My husband and I arrived in Amsterdam three months ago expectant for a season of growth, challenge and pouring ourselves out onto others. We had committed to volunteering short term with a Christian missionary organisation, ministering to those homeless, in prostitution and to tourists in the renowned city. We had sold possessions and scattered the rest of our belongings across Manchester in friends’ homes. Finding out that we were expecting our first child a week before our departure date was a joy only God could conceive. Stepping out in faith as a married couple was exhilarating, and grafted a deep rested peace in our hearts.
We left unwittingly with a list of expectations, which have since been refined and pruned, allowing us to welcome the season God always intended for us here. Embarking on an adventure led by God with predictions on what it will look like, is not our recommendation, for He will be sure to release His own surprises.
I have often desired quick fixes for producing godliness in my life, always asking God to gouge and hack at my soul, striving for immediate Christ-likeness. Of course, being a kind Father who walks with us at a peaceful pace, it isn’t often that God has relented to my pleas. However, here in Amsterdam His weaving hands have appeared to be working more earnestly, making for an uncomfortable surgery. Or perhaps in slowing down, I have merely witnessed in more graphic detail the work He is continually doing in me.
I came to Amsterdam expecting to be getting deep amongst the brokenness of other human hearts, coming up close to the darkness which engulfs the lives of so many. I was excited to expose the whimpering face of evil, and speak the truth of life and identity to those who are despised and perceive they have no value. I anticipated being equipped amongst those I came to serve. Instead, Jesus came to serve me.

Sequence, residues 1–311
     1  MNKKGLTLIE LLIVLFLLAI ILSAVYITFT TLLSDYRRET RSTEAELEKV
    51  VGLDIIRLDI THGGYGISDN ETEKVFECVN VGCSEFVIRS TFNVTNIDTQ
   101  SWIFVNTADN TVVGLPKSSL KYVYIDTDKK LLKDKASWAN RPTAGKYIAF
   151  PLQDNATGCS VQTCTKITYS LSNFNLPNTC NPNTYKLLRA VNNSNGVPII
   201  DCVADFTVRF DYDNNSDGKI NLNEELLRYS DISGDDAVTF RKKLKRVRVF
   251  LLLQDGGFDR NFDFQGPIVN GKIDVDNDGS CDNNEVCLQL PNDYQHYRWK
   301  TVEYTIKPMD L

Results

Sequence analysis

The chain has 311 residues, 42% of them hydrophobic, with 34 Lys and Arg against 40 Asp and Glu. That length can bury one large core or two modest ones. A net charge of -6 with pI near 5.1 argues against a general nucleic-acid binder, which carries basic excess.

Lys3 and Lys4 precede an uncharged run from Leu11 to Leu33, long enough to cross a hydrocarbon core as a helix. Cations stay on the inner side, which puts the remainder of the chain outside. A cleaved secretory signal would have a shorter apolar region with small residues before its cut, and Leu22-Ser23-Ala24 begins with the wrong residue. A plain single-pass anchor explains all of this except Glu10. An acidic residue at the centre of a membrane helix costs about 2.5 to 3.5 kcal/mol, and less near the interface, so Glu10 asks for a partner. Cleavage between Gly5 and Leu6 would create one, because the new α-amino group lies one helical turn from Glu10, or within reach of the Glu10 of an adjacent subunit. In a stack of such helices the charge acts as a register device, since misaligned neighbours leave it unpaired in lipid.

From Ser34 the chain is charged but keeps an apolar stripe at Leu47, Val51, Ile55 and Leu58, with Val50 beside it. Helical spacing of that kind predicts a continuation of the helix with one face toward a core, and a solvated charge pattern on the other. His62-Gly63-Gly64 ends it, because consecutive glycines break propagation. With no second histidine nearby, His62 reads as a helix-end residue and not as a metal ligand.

Some weeks after our arrival, I became ill with a virus. What followed was around two months of infections and illnesses of various kinds. I was prescribed bedrest, with my husband faithfully holding the fort. Three months in and my body is tired and worn, my strength has increased but I am continually humbled to slow my step and lay down and rest. It would be easy to question why, and become despondent and angry; but to humble oneself before God, recognising who He is, brings a freedom that cannot be surpassed.
God has humbled me to rest, caused me to see my own fragility and humanness, and His greatness and magnitude. I have begun to see who I am, recognising that my identity is not steeped in ministering to others, but is in fact in Him. He has shown me my worth; that He values me no matter what I do or don’t do, and can or cannot do. That the thoughts of others are irrelevant considering the thoughts He has for me.
I have grappled with things in my heart I didn’t even know were there; still enough to feel the ripples of unrest in my soul. I have been free to drink deeply from His Word, establishing truth, producing stability in my heart. Alongside it all, I have been allowed to peep into the miraculous work of God as He handcrafts a beautiful child within me. No, this was not the season I had perceived or anticipated, but the beauty that will doubtless unfold is too great to fathom, and the mysteries of God too deep to ever truly understand.
Not unexpectedly, we have also witnessed God move in various other ways during our time here in Amsterdam. We have seen hearts soften as they hear about the reality that God is in love with them. We have witnessed miracles through healings. Seen broken lives begin to believe that they have worth and value enough to enter into community. Experienced profound growth in our marriage and friendship, and the graces of living communally with other Christians. But above all, we have tasted the faithfulness of God, and realised our need to surrender to His will and not our own, teaching our hearts to trust in His unfailing love.
We can all be joyfully expectant for what God has already orchestrated for our lives, waiting patiently as He unravels the path before us. Yet, it should not take us by surprise that an uncontainable and indecipherable God would sometimes take us along paths that we would never have chosen, might never have even noticed, and would never have expected. When our limited expectations are not met, we can rejoice that God’s ways are higher than ours. We can rest, knowing that only good things are set before those who love God, steeped in freedom and glory.